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Evaluating Efficacy of Pharmaceutical Interventions in Atherosclerosis: Role of Magnetic Resonance Imaging and Positron Emission Tomography

Authors

  • Fabien Hyafil MD, PhD,

    Corresponding author
    1. Department of Nuclear Medicine, Bichat–Claude Bernard University Hospital, Paris, France
    2. French National Institute of Health and Medical Research (INSERM) U698, Department of Cardiovascular Bioengineering, Paris Diderot University, Paris, France
    • Department of Nuclear Medicine, Hospital Bichat-Claude Bernard, Paris, France
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  • Laurent Feldman MD, PhD,

    1. French National Institute of Health and Medical Research (INSERM) U698, Department of Cardiovascular Bioengineering, Paris Diderot University, Paris, France
    2. Department of Cardiology, Bichat–Claude Bernard University Hospital, Paris, France
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  • Dominique Le Guludec MD, PhD,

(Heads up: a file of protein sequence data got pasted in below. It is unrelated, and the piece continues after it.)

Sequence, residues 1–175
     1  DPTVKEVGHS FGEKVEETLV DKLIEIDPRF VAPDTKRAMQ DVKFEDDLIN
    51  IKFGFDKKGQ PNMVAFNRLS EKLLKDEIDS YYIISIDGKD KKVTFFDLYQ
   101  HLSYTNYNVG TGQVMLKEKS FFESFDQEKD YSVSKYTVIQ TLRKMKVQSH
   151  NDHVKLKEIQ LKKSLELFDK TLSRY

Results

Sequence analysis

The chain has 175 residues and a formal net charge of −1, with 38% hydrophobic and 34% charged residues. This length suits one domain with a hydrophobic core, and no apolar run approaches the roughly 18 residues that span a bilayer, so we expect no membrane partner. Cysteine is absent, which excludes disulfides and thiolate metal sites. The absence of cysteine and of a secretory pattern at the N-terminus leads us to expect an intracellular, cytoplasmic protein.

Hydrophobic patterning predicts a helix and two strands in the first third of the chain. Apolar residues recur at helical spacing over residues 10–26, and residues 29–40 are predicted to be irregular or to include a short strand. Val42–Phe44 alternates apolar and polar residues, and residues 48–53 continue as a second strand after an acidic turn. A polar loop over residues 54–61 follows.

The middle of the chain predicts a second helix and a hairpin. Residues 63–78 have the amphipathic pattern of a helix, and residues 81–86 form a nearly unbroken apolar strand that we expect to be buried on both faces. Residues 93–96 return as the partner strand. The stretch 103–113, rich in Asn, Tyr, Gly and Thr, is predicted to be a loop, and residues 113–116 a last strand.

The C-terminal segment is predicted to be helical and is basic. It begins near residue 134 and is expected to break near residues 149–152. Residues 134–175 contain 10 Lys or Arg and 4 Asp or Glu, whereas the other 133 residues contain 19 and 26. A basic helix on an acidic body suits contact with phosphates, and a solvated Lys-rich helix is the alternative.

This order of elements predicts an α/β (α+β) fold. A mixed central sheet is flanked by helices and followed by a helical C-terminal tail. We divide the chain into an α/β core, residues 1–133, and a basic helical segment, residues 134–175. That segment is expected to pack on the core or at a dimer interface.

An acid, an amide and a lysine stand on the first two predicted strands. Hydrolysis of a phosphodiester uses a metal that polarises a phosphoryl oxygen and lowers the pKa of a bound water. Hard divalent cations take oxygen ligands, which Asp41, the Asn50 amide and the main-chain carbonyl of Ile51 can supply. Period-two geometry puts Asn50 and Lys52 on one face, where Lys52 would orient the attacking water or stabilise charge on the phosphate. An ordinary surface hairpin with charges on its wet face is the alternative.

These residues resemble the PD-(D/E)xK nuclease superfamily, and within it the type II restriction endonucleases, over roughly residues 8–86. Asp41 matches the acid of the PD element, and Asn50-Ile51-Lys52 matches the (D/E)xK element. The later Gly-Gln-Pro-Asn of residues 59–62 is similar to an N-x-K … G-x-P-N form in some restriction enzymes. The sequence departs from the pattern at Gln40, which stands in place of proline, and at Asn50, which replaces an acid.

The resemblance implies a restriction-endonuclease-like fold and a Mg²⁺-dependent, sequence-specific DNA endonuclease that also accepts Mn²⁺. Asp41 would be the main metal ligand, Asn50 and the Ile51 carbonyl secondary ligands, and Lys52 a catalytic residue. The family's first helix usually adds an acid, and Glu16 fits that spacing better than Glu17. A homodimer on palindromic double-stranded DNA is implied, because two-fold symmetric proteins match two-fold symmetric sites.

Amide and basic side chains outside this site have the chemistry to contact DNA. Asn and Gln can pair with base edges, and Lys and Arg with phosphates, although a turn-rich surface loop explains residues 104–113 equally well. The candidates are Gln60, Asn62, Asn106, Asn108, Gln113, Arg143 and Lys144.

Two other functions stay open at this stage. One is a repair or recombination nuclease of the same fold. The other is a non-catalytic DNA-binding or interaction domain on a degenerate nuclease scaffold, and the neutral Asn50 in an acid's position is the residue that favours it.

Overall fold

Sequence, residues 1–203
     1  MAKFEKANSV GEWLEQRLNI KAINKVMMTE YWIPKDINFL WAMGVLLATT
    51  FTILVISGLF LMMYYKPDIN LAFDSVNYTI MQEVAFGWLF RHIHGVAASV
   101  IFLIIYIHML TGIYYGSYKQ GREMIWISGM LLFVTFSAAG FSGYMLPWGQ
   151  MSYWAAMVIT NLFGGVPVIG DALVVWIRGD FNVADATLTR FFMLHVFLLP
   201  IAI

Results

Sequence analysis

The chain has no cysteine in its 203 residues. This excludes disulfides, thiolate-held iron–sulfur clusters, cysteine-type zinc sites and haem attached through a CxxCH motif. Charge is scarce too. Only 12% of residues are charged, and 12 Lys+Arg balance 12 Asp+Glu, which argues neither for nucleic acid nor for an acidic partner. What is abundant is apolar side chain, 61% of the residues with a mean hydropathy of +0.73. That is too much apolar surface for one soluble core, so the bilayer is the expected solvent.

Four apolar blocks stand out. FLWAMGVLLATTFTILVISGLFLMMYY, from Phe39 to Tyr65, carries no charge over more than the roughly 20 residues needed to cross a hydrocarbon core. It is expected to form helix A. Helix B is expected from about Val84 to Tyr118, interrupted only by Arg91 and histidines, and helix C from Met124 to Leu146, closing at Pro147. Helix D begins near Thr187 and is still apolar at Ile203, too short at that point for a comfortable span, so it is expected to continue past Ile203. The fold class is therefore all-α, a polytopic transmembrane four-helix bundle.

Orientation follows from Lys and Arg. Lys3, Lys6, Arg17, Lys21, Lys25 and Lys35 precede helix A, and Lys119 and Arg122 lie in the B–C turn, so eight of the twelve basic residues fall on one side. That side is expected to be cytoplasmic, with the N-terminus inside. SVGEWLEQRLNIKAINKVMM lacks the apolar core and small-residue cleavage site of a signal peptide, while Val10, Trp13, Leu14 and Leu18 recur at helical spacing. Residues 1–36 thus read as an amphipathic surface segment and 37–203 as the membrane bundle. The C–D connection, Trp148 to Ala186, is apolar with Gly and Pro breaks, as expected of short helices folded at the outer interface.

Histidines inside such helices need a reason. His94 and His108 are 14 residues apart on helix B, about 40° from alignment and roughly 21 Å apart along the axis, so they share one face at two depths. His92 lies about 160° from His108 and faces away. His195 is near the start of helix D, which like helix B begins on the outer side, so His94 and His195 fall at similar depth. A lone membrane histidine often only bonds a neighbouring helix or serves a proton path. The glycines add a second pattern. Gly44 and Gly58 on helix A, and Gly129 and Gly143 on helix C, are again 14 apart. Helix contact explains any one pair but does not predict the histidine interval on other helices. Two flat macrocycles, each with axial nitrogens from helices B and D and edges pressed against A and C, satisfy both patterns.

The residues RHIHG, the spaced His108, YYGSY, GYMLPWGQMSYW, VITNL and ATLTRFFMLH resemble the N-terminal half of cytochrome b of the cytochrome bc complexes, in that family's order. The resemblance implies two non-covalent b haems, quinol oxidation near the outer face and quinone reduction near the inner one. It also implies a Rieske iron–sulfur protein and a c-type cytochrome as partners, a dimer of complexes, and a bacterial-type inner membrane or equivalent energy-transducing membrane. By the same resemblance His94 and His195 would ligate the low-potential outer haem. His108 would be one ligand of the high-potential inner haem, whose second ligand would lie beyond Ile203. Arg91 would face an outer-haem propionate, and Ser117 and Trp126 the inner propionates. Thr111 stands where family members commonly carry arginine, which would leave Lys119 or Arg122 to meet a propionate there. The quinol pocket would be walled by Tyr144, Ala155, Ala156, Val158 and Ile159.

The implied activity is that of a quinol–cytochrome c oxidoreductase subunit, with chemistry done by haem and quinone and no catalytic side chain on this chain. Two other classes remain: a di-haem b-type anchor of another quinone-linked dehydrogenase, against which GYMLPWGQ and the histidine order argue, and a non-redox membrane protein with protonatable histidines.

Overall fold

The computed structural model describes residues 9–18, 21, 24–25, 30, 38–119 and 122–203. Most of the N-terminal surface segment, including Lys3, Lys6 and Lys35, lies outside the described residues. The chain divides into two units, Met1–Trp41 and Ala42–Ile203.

1. Department of Nuclear Medicine, Bichat–Claude Bernard University Hospital, Paris, France
    2. French National Institute of Health and Medical Research (INSERM) U698, Department of Cardiovascular Bioengineering, Paris Diderot University, Paris, France
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  • Zahi A. Fayad MD, PhD

    1. Translational and Molecular Imaging Institute, Mount Sinai School of Medicine, New York, New York
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Abstract

The rate of acute complications of atherosclerosis (acute myocardial infarction, ischemic stroke) has continuously decreased over the last 20 years in Western countries. This is largely explained by improvements in the reduction and treatment of cardiovascular risk factors and by the increasing number of patients who benefit from preventive treatments such as antiplatelet, lipid-lowering, or antihypertensive drugs. This means also that, when testing new drugs aimed at either halting or even reversing the progression of atherosclerotic plaques, a large number of patients will need to be included in clinical trials to demonstrate an improvement in patient outcome with the drugs. Pharmaceutical companies are therefore looking for early surrogate markers that could be evaluated in a small number of patients to predict the beneficial effects of new drugs on atherosclerotic plaques before moving to costly clinical trials with a large number of patients. In this review, we will discuss the place of atherosclerotic plaque imaging with magnetic resonance imaging and positron emission tomography for the evaluation of new antiatherosclerotic drugs. Mt Sinai J Med 79:689–704, 2012. © 2012 Mount Sinai School of Medicine

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